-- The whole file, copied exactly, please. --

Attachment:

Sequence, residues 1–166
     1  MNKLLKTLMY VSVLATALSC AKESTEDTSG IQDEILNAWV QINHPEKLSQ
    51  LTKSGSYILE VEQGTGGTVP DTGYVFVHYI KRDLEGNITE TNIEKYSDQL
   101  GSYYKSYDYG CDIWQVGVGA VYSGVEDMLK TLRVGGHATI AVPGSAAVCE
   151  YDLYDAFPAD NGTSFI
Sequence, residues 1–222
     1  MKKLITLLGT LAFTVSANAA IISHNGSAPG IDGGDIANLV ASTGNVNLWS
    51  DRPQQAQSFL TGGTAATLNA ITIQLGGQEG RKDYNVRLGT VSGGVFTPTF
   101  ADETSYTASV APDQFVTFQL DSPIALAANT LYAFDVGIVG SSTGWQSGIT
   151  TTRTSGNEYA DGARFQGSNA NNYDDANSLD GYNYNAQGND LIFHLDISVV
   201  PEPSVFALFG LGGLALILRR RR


Sequence, residues 1–166
     1  MNKLLKTLMY VSVLATALSC AKESTEDTSG IQDEILNAWV QINHPEKLSQ
    51  LTKSGSYILE VEQGTGGTVP DTGYVFVHYI KRDLEGNITE TNIEKYSDQL
   101  GSYYKSYDYG CDIWQVGVGA VYSGVEDMLK TLRVGGHATI AVPGSAAVCE
   151  YDLYDAFPAD NGTSFI
Sequence, residues 1–222
     1  MKKLITLLGT LAFTVSANAA IISHNGSAPG IDGGDIANLV ASTGNVNLWS
    51  DRPQQAQSFL TGGTAATLNA ITIQLGGQEG RKDYNVRLGT VSGGVFTPTF
   101  ADETSYTASV APDQFVTFQL DSPIALAANT LYAFDVGIVG SSTGWQSGIT
   151  TTRTSGNEYA DGARFQGSNA NNYDDANSLD GYNYNAQGND LIFHLDISVV
   201  PEPSVFALFG LGGLALILRR RR